Version 2.0 of an article first published in TEXT Technology, 4.4 (Winter, 1994), 263-267.
The Oxford Electronic Text Library Edition of The
Complete Works of Jane Austen
contains SGML tags that precisely identify, among other things, the speaker of every word
of dialogue in Austen's six novels. (See note 1.) A computer program that I created,
JADIALOG, notes the speaker tags in the text and separates the dialogue of each of the
characters (including narrators) accordingly. Some dialogue had to be assigned to
composites (such as "inseparable groups") or to imaginary or unidentifiable speakers, but
most of the talking is done by the named characters. In all, there are 141 speakers in the six
Austen novels, and the number of speakers in each novel is rather uniform: four novels have
24 speakers; one has 23; one has 22. Using such an electronic edition and computer
programs designed to read the tags in the texts (see note 2), scholars can do research about
characters' dialogue that would not be possible without them -- or would be possible only
with very arduous labor.
Using my program JATALK, it is easy to determine
how much each character speaks. As
might be supposed, the narrators talk more than most of the characters: from a high of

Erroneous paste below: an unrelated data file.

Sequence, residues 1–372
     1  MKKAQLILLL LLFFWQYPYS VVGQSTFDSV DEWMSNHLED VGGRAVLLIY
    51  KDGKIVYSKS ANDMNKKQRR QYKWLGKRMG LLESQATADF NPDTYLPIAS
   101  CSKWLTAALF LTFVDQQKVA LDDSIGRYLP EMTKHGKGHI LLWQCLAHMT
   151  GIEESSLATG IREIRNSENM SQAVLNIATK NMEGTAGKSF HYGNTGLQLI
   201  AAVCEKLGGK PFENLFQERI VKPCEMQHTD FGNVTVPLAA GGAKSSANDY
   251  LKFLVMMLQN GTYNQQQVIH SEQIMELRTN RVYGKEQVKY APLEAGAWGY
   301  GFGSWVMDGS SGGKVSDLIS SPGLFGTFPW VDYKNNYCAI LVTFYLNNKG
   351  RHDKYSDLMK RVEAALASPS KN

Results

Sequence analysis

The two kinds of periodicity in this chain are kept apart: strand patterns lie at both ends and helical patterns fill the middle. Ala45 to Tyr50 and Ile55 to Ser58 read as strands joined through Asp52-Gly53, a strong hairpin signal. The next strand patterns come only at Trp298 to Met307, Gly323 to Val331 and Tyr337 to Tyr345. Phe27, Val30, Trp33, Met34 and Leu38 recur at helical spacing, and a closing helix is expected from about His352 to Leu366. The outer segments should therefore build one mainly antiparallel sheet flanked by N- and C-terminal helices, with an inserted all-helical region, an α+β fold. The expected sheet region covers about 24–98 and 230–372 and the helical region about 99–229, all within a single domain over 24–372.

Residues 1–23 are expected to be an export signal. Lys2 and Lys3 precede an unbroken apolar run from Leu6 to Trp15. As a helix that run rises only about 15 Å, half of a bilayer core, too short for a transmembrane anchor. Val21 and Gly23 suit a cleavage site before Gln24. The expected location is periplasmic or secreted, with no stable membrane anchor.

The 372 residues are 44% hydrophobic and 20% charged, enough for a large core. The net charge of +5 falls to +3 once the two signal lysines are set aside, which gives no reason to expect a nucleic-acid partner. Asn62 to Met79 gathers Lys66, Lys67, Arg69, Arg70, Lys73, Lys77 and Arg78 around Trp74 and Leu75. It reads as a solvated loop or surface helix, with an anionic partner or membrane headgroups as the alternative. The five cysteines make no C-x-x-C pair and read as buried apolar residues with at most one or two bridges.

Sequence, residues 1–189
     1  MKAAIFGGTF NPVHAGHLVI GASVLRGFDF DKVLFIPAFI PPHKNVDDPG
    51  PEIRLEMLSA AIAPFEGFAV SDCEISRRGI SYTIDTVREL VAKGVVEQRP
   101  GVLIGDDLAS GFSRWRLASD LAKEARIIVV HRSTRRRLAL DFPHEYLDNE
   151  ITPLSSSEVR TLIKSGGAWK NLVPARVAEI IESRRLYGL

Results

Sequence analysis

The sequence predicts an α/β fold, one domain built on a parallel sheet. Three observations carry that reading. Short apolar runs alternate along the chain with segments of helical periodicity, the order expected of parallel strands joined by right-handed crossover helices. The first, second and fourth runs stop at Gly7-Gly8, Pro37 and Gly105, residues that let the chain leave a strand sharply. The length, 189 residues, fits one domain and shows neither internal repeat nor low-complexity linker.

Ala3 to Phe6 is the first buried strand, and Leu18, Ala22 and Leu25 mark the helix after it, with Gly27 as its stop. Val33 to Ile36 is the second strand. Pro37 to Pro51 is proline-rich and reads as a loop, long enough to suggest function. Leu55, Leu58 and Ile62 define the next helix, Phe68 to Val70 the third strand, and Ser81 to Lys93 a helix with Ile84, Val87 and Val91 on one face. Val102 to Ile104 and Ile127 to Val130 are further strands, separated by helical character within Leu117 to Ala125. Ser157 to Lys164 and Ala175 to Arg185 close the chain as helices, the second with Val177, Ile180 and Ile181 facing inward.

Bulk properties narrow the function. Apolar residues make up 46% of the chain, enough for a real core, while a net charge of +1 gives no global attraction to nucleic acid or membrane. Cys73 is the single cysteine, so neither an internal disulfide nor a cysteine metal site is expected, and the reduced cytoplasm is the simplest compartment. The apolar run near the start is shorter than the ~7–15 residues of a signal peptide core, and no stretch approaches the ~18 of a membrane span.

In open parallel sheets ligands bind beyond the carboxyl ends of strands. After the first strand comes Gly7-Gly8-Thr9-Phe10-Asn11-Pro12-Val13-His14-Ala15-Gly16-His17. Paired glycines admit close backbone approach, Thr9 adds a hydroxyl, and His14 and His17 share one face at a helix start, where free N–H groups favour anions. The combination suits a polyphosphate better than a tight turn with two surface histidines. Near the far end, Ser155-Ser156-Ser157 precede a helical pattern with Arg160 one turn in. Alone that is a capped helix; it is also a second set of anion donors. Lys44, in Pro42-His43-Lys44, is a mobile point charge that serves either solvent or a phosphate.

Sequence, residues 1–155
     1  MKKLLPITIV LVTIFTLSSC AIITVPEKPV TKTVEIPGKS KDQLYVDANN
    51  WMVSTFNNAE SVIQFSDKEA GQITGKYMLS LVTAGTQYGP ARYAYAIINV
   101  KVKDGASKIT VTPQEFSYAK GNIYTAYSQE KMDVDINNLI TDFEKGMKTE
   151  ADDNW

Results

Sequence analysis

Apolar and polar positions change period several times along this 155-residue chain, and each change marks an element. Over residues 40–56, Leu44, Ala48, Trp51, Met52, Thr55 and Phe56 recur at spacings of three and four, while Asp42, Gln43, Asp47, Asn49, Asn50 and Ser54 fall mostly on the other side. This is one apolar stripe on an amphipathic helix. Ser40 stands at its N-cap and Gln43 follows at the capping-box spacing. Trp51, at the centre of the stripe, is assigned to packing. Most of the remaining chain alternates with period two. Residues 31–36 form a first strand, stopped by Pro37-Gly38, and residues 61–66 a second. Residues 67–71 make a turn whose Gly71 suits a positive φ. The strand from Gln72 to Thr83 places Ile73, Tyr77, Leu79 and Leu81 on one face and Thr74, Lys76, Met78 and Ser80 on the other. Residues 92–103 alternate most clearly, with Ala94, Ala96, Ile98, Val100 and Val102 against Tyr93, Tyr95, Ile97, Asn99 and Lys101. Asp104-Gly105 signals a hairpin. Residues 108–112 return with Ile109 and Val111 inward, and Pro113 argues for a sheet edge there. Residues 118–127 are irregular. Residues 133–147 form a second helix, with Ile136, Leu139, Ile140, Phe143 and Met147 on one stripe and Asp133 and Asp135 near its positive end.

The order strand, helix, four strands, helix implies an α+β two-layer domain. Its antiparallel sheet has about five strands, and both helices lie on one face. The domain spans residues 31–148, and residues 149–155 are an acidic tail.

69,240 words (Mansfield Park) to 40,686 (Northanger Abbey). Emma Woodhouse talks
more than any other character (42,800 words); Fanny Price is the next most vocal, but she
speaks less than half as much as Emma (21,156 words). Ford, the owner of the shop Emma
visits, speaks less than any other named character: 14 words. Mr. Collins who will be
remembered as giving frequent, long, formal speeches in Pride and Prejudice, speaks less
than might be thought: 5,057 words.
It can be interesting to determine what kinds of
words the characters use with a program
called FINDLIST. Figure 1 shows the percentage of words (from seven lists) that are found
in the dialogue of characters and narrators. Thirteen male characters and thirteen female
characters were selected; most of these are major characters, but a few memorable minor
ones (like Mr. Collins) are included. Also, for comparison, the percentage for the full text of
the six novels is given. See Figure 1.
The first four lists contain pronouns. List 1 holds
masculine pronouns ("he," "him," "his,"
and "himself"). List 2 has feminine pronouns ("she," "her," "hers," and "herself"). List 3
includes all the pronouns of lists 1 and 2, plus it contains the plural forms ("they," "them,"
"their," and "themselves"). List 4 consists of first-person pronouns ("I," "me," "my," and
One rationale for computing the percentage of pronouns
(and other words) used by
speakers is that such data may indicate the subjects about which characters speak a lot (or a
little) and thus reveal something of the speakers' personalities. In some cases, the
percentages are approximately what readers might expect; other cases may be a little
surprising, and thus they may lead to new scrutiny of some of the characters.
Frank Churchill and Edward Ferrars might be thought
rather self-centered and even selfish.
The high percentage of Me Words and the low percentage of Other Words for these two
characters seems to show that they talk much more about themselves than about others
(especially Ferrars), thus establishing their characters as expected. Something similar is
shown for Jane Fairfax -- who talks the most of herself and the least of others of any
character in this study.